In the 1930s, the Soviet government became firmly established and Stalin was seen as the clear leader of the Russian people. With an economy that was now booming and food now available for most people after the horrors of the early stages of collectivization, culture was free to bloom once more. Cinema prospered in the Soviet Union during the 1930s, as was evidenced by the overwhelming success of Grigorii Aleksandrov’s 1934 smash movie musical Happy-Go-Lucky Fellows.
In Aleksandrov’s hit film, the story is centered on a shepherd whose talent for singing is discovered. He is taken to Moscow and becomes the leader of a jazz ensemble that achieves great fame. The movie makes a departure from the Soviet cinema of the 1920s; instead of focusing on avant-gardism and pioneering new cinematographic techniques, Aleksandrov chose to take advantage of the new sound technology and make a rich soundtrack for his film. Additionally, the political message is far subtler. The movie is instead more focused on the adventures of its hero, rather than promoting Soviet values. It is also worthy to note that the movie incorporates a great deal of jazz, which was typically seen as a very Western music style. The reason for this is likely to convince the audience of just how good life could be under Stalin’s Soviet regime, and to attempt to ease the bitter memories of the hunger and violence of the previous decade.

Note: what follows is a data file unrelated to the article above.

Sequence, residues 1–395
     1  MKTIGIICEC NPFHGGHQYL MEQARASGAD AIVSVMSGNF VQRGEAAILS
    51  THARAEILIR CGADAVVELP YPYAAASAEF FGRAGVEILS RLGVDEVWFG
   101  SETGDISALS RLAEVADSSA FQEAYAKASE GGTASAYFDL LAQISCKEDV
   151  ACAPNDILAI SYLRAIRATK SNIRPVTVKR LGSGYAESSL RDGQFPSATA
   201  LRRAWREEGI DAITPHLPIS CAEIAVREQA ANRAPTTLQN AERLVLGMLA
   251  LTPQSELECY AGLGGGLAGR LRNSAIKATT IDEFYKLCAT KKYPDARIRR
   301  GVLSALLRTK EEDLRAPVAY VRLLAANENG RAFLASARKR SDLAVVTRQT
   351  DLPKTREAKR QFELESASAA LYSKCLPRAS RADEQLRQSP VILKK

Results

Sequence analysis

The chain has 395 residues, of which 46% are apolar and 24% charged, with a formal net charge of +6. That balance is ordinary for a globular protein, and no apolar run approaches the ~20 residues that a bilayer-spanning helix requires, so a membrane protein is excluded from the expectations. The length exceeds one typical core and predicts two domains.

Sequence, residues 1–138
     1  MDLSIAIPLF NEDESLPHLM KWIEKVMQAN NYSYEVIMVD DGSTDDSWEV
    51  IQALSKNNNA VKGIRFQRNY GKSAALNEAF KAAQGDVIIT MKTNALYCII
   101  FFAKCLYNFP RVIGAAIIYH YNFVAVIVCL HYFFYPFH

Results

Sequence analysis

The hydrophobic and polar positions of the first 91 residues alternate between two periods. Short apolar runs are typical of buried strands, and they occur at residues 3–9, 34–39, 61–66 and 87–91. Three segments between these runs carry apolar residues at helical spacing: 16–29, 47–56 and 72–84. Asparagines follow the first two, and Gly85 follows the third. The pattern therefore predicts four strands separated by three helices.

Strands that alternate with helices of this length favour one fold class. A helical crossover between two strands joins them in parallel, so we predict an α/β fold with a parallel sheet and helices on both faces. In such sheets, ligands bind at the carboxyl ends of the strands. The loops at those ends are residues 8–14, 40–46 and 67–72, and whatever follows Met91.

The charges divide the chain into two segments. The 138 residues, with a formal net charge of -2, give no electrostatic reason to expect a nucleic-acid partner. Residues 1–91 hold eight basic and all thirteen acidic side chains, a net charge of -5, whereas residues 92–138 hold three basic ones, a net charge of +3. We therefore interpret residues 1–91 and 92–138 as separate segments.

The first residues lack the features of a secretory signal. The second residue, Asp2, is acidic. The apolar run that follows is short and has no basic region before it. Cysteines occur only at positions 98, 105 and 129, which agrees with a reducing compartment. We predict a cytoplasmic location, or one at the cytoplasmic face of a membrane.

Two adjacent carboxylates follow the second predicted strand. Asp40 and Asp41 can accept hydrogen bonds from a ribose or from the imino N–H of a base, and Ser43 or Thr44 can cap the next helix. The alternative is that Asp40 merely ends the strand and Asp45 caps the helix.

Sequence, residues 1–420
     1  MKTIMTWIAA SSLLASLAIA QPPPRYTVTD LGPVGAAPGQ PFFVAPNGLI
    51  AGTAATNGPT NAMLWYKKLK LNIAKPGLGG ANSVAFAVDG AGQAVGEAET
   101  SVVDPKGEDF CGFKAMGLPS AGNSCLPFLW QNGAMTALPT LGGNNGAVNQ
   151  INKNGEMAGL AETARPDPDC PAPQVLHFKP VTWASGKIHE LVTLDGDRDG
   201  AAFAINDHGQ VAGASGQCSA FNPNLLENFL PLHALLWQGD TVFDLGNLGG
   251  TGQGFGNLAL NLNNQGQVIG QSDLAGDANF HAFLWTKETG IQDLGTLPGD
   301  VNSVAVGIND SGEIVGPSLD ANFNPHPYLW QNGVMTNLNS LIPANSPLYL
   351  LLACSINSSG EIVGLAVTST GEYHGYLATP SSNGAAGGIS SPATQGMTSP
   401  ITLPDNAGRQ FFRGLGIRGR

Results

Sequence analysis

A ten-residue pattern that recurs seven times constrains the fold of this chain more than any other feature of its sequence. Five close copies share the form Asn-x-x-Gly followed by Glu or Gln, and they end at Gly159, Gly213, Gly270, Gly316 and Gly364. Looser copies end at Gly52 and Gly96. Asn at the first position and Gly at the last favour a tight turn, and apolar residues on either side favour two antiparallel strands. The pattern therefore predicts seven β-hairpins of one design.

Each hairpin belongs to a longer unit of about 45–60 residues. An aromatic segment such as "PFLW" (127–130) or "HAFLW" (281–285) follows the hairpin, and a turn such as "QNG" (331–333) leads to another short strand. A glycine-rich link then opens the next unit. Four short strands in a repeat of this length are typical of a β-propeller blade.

The above video is a scene from Happy-Go-Lucky Fellows that shows off the features of the new sound films with its rich jazz. Additionally, the scene offers lots of comic relief, and it feels very free, which is generally not how we think of the Soviet Union.
Happy-Go-Lucky Fellows is an excellent example of how cinema changed during the 1930s. It changed with the mentality of the citizens of the Soviet Union, and reflects how the Soviet Union of the 1930s was freer and more prosperous than in the years before and after.